not totally dumb but to have legal headroom upstairs in such a narrow building would mean the top of the roof would need to be about 8 m high and despite the void the whole house would be about 80sq m of expensive custom build two storey with lots of space unusable due to the sloping roof and staircase eg a simple 3 bedroom house can have the spacious high ceilings by using raked ceiling inside without building a taller building..... with such a big block it would be more cost effective to use a house plan with standard sizes and off the shelf products and if you check out yourhome.gov au you will discover lots of ideas for using solar passive design for a comfortable home to suit your climate and available space and check out local project home builders to get some quotes for a small house that can be sited to allow for future garages and outdoor living areas...

  • siriuskey

    I would definately reduce the 2.8 to 2.4 for the loft to start, any beds would need to have the bed head under the lower part of the ceiling, a skylight above the bed would make it feel more spacious and allow for any star gazing



  • dreamer
    In your original post you said your budget for new build was $150-200K. If this is still the same budget, I would look into small project homes, single level with 2700 high ceiling throughout. Or a skillion roof line. With orientation towards north and large windows and doors flowing to outside. With the measurements and issues you have explained, you will be spending the same amount on a very tall, officially one bedroom home. Have you considered a granny flat build, which is a small home with a different name.
  • oklouise

    excellent suggestion from dreamer and there's a good range of project home builders available in your area including knock down rebuild ....my suggestion would be a simple single level house with raked ceilings and solar passive orientation sited to allow space for future double garage with drive through backyard access and generous alfresco ....we've found the easiest way to achieve an economical alfresco for a project in north Queensland is a gable roofed double steel carport with lattice screening over packed crushed granite ground cover and we've also had great success in NSW owner building a small house using a custom designed A1 rated steel shed with fabulous raked ceilings for less than $150,000 but make sure you include cyclone reinforcing and deep eaves and check your local Council regulation to clarify local variations


  • PRO
    Paul Di Stefano Design

    A simpler option would be two single level simple pavilions, say connected by a deck inbetween that you could potentially stage the construction. Say build one main one with a separate bedroom, possibly do the lofts and use as temporary bedroom space with ladder access (accepted they won't be technically recognised as habitable areas)...then down the track add on/expand the bedroom wing on ground level following re-value...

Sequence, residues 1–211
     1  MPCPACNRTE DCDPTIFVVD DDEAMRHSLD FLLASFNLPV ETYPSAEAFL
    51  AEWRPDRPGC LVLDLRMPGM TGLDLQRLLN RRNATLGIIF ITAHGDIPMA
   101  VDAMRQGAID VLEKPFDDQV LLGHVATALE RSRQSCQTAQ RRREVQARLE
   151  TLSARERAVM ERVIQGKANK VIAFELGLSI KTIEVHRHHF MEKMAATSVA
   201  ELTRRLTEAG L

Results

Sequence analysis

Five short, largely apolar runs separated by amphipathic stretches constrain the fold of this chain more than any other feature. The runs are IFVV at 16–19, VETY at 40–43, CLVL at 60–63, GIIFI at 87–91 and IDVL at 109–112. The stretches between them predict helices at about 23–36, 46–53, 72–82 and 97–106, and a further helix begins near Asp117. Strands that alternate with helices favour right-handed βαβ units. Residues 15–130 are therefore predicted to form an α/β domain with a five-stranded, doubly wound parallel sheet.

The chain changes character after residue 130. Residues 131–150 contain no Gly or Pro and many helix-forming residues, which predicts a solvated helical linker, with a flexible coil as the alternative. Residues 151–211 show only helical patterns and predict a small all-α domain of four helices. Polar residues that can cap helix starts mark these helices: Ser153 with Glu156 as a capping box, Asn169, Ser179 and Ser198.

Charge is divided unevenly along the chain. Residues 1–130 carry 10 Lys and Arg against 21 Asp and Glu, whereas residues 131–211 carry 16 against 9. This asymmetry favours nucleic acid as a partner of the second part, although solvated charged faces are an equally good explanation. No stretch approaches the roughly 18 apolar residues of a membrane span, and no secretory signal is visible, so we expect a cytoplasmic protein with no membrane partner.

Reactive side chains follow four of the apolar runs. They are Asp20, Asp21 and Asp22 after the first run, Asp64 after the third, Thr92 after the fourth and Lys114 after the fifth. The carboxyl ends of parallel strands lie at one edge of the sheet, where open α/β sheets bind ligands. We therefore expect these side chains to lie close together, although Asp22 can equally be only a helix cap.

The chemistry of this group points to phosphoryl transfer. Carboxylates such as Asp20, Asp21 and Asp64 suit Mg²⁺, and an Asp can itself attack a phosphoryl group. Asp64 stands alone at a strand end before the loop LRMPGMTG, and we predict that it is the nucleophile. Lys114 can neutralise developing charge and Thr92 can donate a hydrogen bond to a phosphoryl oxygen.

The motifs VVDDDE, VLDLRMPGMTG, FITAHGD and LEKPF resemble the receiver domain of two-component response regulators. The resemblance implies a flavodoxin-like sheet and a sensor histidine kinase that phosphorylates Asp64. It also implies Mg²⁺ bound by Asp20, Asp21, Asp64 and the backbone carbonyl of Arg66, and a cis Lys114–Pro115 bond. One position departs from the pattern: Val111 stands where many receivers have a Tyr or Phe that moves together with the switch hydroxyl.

Don't underestimate the challenge with stairs. They should NEVER be an afterthought and as soon as you're dealing with two levels the stairs need to be sorted FIRST and work everything else back knowing how much space you'll need for them and their position/configuration......biggest DIY design rookie errors I've seen on this forum involve stairs and dealing with them too far down the line......

    As a rule of thumb, you only go up if there is a good reason to do it, either that you don't have the space or there is a view that warrants it. Going up will always cost you more if you want to do it compliantly.

    Best of luck

    Cheers PD



  • siriuskey

    Great idea for two Pavilions Paul, not unlike the second photo I posted which suggests that, Keep it simple and affordable

  • spmm
    Have you looked at buying and moving a house to your site? There seem to be several firms that do that in QLD. —-
    https://www.queenslandhouseremovers.com.au/used-homes/

    — Random choice from DuckDuckGo search. - you would have to do your due diligence of course but some of these look great. — Also kit homes are another more affordable option. —
    All the best, knocking down the old one seems eminently sensible.
  • aaron_and_nancy

    Hey guys thanks for all of your great advice.

    We are still in the planning stage so havent make any firm choices yet but we are leaning toward some (probably not overly savvy) decisions.

    We ...

    - do not want to live in a cheap kit home or liveable shed - we are seeking to create something that is really nice and that we will be happy with long term.

    - have decided that we would like to change our lifestyle and move to a tiny house type living.

    - think that Bundaberg has some of the best weather in the world so we are hoping to capitalise on our garden and our block.

    - really want to try to create some space that has double height to increase the volume and make our small space nice to live in long term.

    - have had a lot of experience of renovating and dealing with older buildings including our current lemon (lead paint, rotten timber, cracking cement, asbestos, not built to current code) so are looking forward to a modern, safe and sustainable building.